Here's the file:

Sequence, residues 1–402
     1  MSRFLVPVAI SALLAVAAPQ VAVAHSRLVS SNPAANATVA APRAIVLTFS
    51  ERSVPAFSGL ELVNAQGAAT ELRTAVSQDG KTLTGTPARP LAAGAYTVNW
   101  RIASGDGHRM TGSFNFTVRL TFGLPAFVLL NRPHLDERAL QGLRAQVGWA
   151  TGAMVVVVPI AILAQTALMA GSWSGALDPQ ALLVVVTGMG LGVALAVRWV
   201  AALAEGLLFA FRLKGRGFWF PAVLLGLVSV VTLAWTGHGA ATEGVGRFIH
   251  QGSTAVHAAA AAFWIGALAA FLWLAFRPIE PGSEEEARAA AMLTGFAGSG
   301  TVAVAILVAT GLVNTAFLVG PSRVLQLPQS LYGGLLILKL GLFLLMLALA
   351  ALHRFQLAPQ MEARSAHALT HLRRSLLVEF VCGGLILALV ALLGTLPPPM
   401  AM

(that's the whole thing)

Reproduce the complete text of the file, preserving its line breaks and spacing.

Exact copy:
Sequence, residues 1–402
     1  MSRFLVPVAI SALLAVAAPQ VAVAHSRLVS SNPAANATVA APRAIVLTFS
    51  ERSVPAFSGL ELVNAQGAAT ELRTAVSQDG KTLTGTPARP LAAGAYTVNW
   101  RIASGDGHRM TGSFNFTVRL TFGLPAFVLL NRPHLDERAL QGLRAQVGWA
   151  TGAMVVVVPI AILAQTALMA GSWSGALDPQ ALLVVVTGMG LGVALAVRWV
   201  AALAEGLLFA FRLKGRGFWF PAVLLGLVSV VTLAWTGHGA ATEGVGRFIH
   251  QGSTAVHAAA AAFWIGALAA FLWLAFRPIE PGSEEEARAA AMLTGFAGSG
   301  TVAVAILVAT GLVNTAFLVG PSRVLQLPQS LYGGLLILKL GLFLLMLALA
   351  ALHRFQLAPQ MEARSAHALT HLRRSLLVEF VCGGLILALV ALLGTLPPPM
   401  AM